Protest 101: A History of Social Activism at UVM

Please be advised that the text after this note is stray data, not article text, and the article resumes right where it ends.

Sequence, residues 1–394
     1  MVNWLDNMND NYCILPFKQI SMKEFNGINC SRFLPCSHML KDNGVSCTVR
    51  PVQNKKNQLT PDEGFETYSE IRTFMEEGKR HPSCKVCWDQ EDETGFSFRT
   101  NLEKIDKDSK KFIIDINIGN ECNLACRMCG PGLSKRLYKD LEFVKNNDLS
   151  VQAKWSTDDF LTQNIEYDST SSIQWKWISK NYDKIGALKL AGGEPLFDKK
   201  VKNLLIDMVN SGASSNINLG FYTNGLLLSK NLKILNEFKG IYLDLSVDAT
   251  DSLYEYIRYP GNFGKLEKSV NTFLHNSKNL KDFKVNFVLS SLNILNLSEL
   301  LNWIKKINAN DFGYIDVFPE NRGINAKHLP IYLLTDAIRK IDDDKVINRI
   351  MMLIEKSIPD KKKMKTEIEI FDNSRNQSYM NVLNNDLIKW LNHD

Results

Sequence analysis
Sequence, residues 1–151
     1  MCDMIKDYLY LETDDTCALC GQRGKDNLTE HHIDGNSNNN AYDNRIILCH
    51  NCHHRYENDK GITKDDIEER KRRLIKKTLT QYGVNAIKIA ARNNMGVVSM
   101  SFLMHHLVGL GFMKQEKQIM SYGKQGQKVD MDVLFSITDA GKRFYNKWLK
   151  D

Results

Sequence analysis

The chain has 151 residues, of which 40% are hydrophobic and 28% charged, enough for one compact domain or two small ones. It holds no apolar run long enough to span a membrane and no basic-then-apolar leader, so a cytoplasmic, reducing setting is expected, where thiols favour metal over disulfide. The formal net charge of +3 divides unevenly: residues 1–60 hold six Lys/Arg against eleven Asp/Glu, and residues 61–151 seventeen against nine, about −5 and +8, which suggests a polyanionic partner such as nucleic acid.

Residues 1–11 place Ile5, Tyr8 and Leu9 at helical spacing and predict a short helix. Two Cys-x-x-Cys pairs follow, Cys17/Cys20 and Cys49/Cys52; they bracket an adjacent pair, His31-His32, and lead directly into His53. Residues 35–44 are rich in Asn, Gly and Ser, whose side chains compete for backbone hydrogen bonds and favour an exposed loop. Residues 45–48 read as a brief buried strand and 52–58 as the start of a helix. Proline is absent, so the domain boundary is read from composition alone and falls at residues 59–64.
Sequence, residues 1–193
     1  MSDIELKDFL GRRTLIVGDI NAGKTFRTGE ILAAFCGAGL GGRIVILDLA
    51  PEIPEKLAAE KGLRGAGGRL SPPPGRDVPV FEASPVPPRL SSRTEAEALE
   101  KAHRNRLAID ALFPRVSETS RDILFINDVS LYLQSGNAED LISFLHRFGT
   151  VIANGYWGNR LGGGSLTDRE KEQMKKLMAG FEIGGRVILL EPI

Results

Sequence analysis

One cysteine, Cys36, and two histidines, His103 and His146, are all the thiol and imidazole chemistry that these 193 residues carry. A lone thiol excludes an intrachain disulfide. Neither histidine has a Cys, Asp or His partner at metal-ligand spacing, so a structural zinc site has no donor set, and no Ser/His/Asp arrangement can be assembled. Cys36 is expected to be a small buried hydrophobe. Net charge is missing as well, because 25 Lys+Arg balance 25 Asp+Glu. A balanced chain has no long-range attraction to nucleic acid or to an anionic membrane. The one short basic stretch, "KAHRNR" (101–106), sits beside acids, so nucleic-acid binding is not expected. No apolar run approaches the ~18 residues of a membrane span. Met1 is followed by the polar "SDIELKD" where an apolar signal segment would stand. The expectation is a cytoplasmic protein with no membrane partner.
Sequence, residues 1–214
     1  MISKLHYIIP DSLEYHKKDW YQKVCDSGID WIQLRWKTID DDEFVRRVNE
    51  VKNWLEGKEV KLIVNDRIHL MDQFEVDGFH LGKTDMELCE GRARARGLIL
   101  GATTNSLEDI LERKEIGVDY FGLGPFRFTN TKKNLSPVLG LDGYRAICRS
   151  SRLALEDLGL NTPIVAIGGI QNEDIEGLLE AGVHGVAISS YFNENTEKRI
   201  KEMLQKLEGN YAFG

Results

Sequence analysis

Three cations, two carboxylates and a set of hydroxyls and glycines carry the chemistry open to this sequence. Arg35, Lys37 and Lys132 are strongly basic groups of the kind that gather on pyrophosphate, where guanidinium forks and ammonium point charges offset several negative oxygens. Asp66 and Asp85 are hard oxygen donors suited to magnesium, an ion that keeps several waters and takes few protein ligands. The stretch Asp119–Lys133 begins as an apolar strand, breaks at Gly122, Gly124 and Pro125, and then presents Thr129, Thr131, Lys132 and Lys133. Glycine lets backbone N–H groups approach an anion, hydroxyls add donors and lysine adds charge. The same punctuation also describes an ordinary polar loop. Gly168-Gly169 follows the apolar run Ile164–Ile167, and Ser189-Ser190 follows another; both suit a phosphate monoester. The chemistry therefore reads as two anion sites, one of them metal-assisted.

Faded microfilms of students with spray-painted signs in tattered tents slide in black and white across a computer screen.The Bailey/Howe Library archives of The Cynic reveal the moments that gave the University of Vermont its reputation for student activism.The heart of activism, however, does not lie in colorful picket signs or students crammed into the President’s Wing. It lies in people caring enough to motivate change – at least that is what UVM Director of Student Life Pat Brown suggests.The activism on UVM’s campus demonstrates a level of care that folks have — a common value of questioning the way things are and being really willing to do some things to try to help make things different, Brown said.In his 30 years at the University, “there has been a fairly consistent part of our campus that is concerned about society,” Brown said as he described the campus life at UVM since 1985.In the timeline of protests and campaigns that Brown outlined, the President’s Wing of Waterman has had a rough three decades.In April 1985, students campaigned for divestment in companies that do business with South Africa.”One of the questions across this country was that if we’re supposed to be leaders in societies [and] universities, and we’ve got money invested in those companies, why are we doing that?” Brown reported.In 1988, 20 students occupied Waterman in what The Cynic front page called “The Fight for Color.” The protesting students demanded that minorities be inclueded in the faculty and that studies of minority cultures be incorporated into the curriculum.    In 1991, students occupied the President’s Wing — and the front page of that week’s Cynic  issue — again to demonstrate against the failure to comply with the agreements that came out of the 1988 diversity and social justice protest.Brown also included the campaign against sweatshops and UVM investment in companies or goods that come from sweatshops, as well as the campaign for livable wages by the Student Labor Action Project  (SLAP), in his summary of protests at the University.According to the group’s mission statement, SLAP works “for livable wages and the freedom to organize utilizing collective decision-making, non-hierarchical leadership development and nonviolent direct action.”A successful example of students creating change, the “inclusion of gender identity or expression in the University’s non-discrimination statement is a result of students raising question on campus and taking it to administration and saying this is what we want,” Brown said.Regardless of these precedents, some view activists’ projects as another excuse for people to yell or pitch tents. “I think there are faculty and staff who would say, ‘That’s part of the campus. I don’t care,’ which usually pisses off anyone who is trying to make change because you should care,” Brown said.Students Stand Up member Steven Hannaford, who is currently working to counter University President Daniel Mark Fogel’s decision to implement budget cuts, remarks that “it may be that people think that this is just another excuse to get out and yell and cause ruckus and just be anti-establishment.”With protests on the budget cuts now reaching every aspect of the University, it is almost impossible to ignore the presence of activism on campus.Students Stand Up, a student group founded at the end of last semester, according to Hannaford, and United Academics lead  many of the current protests.United Academics (UA) is a union representing more than 700 of the part-time and full-time faculty at UVM, professor of English and United Academics Communications Co-director Nancy Welch said.”We are working pretty much in solidarity with them [United Academics],” Hannaford said.  Welch agreed, stating that United Academics has worked with Students Stand Up on various projects.”Students Staff Faculty Together (SSFT),  that’s sort of like the bridge between what UA is doing and what Students Stand Up are doing,” Hannaford said. Welch is also a member of SSFT, and reports that the group formed quickly as an organized and visible response upon hearing of the impending cuts.Welch described the impact of the budget cuts on students’ academic experience at UVM as “striking,”  but said she is optimistic as participation is strong and has gotten stronger as people learn that the layoffs are not inevitable.Both groups focus on enlightening students to the realities of the budget cuts. “One of Students Stand Up’s pillars is to give people a clear and logical picture of what’s been happening,” Hannaford said.”We also want to make sure the campus, the public and our trustees know that there are alternatives President Fogel could pursue to address UVM’s financial challenges without damaging education,” professor of Education and president of United Academics David Shiman said in a February 5 press release.”What outcome we are hoping for with the protests is that basically the resources that UVM has be redistributed,” Welch said.Both campaigns report participation among faculty and students to be strong, creating an activist buzz on campus.  Faculty members and students participate in various ways, Welch said.”There are lots of ways to protest, it can be by writing letters to the administration, it can be by going to the trustees meeting and signing up for time to address them, it can be by going to the trustees meeting with a picket sign,” Welch said.”Whatever way it is done, it is getting the message out that our programs are going to hurt, students are going to hurt.”The march from the Davis Center to Waterman that took place in February as part of the current protest against budget cuts is not the first of its kind.  The current protests fit along with what Brown described as a continuum of activism.Welch said the goal of the current protest is to keep what makes UVM special. This aim resides on the same activist platform as past protests, with students using their voices and presence to create what they see as a positive change at UVM.